Disappearing after collecting funds without developing the promised product

Once the scammers have collected enough funds, they shut down the website, erase all traces of their online presence, and vanish, leaving investors with worthless tokens and no means of recourse. This is often referred to as a "rug pull," where the project’s founders abruptly exit and take the invested funds with them.

One notorious example of a fake ICO is PlexCoin. The project promised investors returns of up to 1,354% in less than 29 days, raising over $15 million before being shut down by the U.S. Securities and Exchange Commission (SEC) for fraudulent activities. The SEC’s intervention revealed that PlexCoin’s founders had no intention of developing the promised cryptocurrency platform and had misled investors with false information.

Malware and Ransomware

Malware and ransomware are significant threats in the cryptocurrency space, targeting users to steal their digital assets or extort payments by holding their data hostage. These types of scams exploit vulnerabilities in software, hardware, and user behavior to gain unauthorized access to private information and funds.

Malware, short for malicious software, includes a variety of harmful programs designed to infiltrate, damage, or disable computers and networks. In the context of cryptocurrency, malware typically aims to steal sensitive information such as private keys, login credentials, and wallet addresses.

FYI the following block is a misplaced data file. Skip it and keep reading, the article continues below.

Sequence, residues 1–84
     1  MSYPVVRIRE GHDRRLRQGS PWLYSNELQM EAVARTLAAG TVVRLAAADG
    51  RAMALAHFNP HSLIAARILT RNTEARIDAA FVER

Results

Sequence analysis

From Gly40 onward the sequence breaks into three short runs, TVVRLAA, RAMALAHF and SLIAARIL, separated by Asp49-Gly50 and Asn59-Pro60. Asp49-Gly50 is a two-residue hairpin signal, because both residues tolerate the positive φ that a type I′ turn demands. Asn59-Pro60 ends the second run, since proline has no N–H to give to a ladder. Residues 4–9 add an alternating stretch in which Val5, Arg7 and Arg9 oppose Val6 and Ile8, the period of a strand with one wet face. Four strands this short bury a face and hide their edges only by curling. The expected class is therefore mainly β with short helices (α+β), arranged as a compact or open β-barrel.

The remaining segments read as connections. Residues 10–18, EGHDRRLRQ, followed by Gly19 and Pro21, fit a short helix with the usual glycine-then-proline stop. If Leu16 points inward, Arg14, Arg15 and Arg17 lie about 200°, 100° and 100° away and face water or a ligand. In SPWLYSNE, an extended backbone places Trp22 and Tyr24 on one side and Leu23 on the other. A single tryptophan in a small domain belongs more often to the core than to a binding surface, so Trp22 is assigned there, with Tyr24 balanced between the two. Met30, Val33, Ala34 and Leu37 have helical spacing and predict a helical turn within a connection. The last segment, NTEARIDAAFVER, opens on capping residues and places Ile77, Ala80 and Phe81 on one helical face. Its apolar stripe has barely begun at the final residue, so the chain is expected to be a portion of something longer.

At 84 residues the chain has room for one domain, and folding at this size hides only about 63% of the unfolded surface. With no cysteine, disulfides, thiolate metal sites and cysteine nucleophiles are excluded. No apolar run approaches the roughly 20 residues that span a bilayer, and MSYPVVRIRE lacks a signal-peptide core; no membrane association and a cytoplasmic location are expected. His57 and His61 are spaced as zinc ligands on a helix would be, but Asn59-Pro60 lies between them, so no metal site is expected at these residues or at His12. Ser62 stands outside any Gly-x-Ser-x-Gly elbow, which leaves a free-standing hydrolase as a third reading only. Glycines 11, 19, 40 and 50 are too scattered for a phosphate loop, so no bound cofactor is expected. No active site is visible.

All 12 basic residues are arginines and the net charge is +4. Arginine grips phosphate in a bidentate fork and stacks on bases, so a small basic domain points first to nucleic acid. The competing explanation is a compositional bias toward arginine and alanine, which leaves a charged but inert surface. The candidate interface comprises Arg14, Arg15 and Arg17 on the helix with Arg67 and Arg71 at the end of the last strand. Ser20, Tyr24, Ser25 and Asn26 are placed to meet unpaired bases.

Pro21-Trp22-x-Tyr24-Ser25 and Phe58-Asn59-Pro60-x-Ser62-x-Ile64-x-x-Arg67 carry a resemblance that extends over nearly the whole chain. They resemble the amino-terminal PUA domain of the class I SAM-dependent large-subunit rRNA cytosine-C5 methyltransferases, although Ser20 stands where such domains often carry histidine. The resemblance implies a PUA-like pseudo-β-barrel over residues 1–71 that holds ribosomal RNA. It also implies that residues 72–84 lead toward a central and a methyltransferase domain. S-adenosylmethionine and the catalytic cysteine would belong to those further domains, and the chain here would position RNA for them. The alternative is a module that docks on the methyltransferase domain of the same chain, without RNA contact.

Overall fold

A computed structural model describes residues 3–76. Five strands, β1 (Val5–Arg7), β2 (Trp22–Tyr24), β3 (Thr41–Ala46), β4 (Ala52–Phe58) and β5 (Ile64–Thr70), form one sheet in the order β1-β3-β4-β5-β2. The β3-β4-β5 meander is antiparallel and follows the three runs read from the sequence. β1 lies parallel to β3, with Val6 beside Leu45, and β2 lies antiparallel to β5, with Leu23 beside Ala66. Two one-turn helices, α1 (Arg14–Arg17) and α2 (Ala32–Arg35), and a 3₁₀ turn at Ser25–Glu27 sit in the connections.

How malware is deployed:

  • Infected downloads: Scammers often hide malware in software downloads, fake updates, or pirated content. Once downloaded and installed, the malware can monitor keystrokes, capture screenshots, and log sensitive information.
  • Malicious websites: Visiting compromised or fraudulent websites can trigger malware downloads. These sites often masquerade as legitimate crypto services or news sites to trick users into visiting them.
  • Phishing emails: Malware can be distributed through phishing emails that contain malicious attachments or links. Opening these attachments or clicking on the links can install malware on your device without your knowledge.